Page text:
ECJ hands down judgment on abnormally low tenders
A recent judgment from the European Court of Justice (ECJ) has provided insight into the obligations of contracting authorities relating to investigating abnormally low tenders in procurement procedures.
The case was brought in respect of an alleged breach of European Directive 2009/81, which regulates the procurement of contracts by authorities in the fields of defence and security. However, contracting authorities in the UK are subject to similar obligations under Regulation 69 of the Public Contracts Regulations 2015 and can therefore take useful guidance from the European judgment.
Background to the Case
The ECJ received a reference for a preliminary ruling from a Bulgarian court, concerning identification of and challenges to abnormally low tenders. An unsuccessful bidder of a contract awarded by the Ministry of the Interior of Bulgaria challenged the award of the contract on the grounds that the successful tender was abnormally low. As there were only two bidders, the Commission for Protection of Competition took the view that it was not possible to calculate the mean value for the purpose of determining whether the tender was abnormally low.
The Questions Referred to the Court
The following questions were referred to the ECJ:
- Is a contracting authority not required to verify whether an abnormally low tender exists where it is objectively impossible to apply the criterion laid down in national law for the evaluation of an abnormally low tender?
- Is the contracting authority required always to ensure that the received tenders are genuine, and state the relevant reasons?
- Does such a requirement apply to the contracting authority if only two tenders have been received during the procedure for the award of a public contract?
- Is a contracting authority’s assessment as regards a lack of suspicion that an abnormally low tender exists subject to judicial review?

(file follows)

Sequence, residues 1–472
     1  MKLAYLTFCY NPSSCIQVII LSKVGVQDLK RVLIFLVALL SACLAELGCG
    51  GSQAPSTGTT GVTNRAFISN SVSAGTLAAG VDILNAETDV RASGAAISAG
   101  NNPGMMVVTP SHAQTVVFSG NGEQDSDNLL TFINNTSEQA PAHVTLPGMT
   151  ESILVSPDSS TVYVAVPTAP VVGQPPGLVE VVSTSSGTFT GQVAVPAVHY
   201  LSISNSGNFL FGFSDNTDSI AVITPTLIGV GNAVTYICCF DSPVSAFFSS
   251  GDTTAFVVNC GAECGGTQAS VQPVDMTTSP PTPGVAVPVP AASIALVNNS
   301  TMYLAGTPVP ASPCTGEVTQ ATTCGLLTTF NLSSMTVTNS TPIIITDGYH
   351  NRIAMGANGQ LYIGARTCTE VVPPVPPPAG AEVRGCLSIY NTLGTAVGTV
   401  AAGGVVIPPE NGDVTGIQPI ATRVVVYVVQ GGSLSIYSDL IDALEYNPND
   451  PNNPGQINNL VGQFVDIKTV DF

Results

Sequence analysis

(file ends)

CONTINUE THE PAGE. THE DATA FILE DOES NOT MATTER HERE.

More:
- Is a contracting authority, where it has not verified whether an abnormally low tender exists, required to provide justification and reasons as to why there is no suspicion that an abnormally low tender has been submitted?
The ECJ’s Judgment
The ECJ confirmed that contracting authorities cannot avoid the obligation to identify and investigate tenders which they suspect to be abnormally low. Contracting authorities must require tenderers to provide an explanation for the proposed price for suspect tenders. Furthermore, authorities must assess information provided and may reject a tender where the evidence does not account for the low level of price proposed. The ECJ held that a contracting authority is under an obligation:
- to identify suspect tenders,
- then to allow tenderers concerned to demonstrate their genuineness by asking them to provide the details which it considers appropriate,
- then to assess the merits of the information provided by the persons concerned, and
- then, to take a decision as to whether to admit or reject those tenders.
The court further held that contracting authorities must, at the earliest opportunity, inform candidates and tenderers of decisions reached concerning the award of a contract and that information is to be given in writing upon request.
The court found that where a contracting authority has failed to initiate a procedure to verify whether a tender might be of an abnormally low nature, on the ground that it considered that none of the tenders submitted to it was of such a nature, its assessment may be subject to judicial review in the context of proceedings against the decision to award the contract at issue.
This judgment has provided some much needed clarity on some of the common questions and concerns that often cause difficulty for contracting authorities in dealing with suspected abnormally low tenders in a procurement process.
If you have any queries in relation to this judgment, or on the issue of abnormally low tenders generally, the Geldards Contracts and Procurement team can assist.